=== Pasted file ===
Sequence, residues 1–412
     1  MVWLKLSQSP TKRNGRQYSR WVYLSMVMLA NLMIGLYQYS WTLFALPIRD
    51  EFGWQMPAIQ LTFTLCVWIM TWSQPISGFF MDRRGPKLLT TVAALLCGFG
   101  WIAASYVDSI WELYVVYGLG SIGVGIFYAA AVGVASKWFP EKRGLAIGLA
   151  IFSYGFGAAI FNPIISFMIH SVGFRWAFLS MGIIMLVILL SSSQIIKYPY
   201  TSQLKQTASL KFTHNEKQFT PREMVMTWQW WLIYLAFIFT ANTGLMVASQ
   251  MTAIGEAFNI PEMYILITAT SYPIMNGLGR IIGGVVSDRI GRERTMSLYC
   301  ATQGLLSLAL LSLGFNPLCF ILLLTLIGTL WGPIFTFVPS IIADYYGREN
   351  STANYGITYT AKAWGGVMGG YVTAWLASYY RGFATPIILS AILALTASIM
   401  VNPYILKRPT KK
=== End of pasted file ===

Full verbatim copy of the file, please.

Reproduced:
Sequence, residues 1–412
     1  MVWLKLSQSP TKRNGRQYSR WVYLSMVMLA NLMIGLYQYS WTLFALPIRD
    51  EFGWQMPAIQ LTFTLCVWIM TWSQPISGFF MDRRGPKLLT TVAALLCGFG
   101  WIAASYVDSI WELYVVYGLG SIGVGIFYAA AVGVASKWFP EKRGLAIGLA
   151  IFSYGFGAAI FNPIISFMIH SVGFRWAFLS MGIIMLVILL SSSQIIKYPY
   201  TSQLKQTASL KFTHNEKQFT PREMVMTWQW WLIYLAFIFT ANTGLMVASQ
   251  MTAIGEAFNI PEMYILITAT SYPIMNGLGR IIGGVVSDRI GRERTMSLYC
   301  ATQGLLSLAL LSLGFNPLCF ILLLTLIGTL WGPIFTFVPS IIADYYGREN
   351  STANYGITYT AKAWGGVMGG YVTAWLASYY RGFATPIILS AILALTASIM
   401  VNPYILKRPT KK